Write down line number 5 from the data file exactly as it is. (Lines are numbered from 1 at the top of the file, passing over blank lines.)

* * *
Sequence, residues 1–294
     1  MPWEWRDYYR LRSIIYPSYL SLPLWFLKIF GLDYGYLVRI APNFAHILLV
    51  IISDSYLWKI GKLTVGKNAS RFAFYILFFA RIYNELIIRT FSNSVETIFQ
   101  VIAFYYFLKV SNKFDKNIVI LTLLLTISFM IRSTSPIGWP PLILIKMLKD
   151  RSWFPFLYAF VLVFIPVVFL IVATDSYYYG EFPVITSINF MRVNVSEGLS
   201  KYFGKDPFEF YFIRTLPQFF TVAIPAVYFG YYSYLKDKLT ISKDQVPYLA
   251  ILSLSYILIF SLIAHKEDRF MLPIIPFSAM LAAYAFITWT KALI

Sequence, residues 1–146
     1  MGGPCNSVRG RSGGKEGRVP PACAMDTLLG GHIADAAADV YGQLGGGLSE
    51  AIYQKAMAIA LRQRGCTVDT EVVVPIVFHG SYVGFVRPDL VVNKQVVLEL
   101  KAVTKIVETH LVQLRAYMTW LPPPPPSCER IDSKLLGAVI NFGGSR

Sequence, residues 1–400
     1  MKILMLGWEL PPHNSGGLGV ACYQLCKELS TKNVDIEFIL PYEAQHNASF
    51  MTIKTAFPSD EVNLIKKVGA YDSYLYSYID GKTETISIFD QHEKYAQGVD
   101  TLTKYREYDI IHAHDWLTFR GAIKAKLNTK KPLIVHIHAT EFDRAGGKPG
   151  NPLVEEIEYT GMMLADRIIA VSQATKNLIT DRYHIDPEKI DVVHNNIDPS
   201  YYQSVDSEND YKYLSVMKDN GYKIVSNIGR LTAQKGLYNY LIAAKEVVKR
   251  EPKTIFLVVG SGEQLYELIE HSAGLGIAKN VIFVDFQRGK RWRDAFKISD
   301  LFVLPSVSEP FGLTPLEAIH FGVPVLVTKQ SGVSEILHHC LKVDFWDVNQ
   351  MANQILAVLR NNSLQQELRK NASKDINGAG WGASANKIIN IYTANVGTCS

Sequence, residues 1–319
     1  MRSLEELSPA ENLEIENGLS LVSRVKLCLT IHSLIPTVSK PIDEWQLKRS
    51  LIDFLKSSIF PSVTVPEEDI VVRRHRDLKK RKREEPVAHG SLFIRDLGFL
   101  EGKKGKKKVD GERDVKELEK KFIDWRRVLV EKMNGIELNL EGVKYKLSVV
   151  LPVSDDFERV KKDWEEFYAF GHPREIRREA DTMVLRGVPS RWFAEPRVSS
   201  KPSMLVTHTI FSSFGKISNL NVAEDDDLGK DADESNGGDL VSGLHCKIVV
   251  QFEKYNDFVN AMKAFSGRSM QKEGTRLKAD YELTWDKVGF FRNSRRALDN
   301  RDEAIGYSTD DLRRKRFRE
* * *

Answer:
   151  RSWFPFLYAF VLVFIPVVFL IVATDSYYYG EFPVITSINF MRVNVSEGLS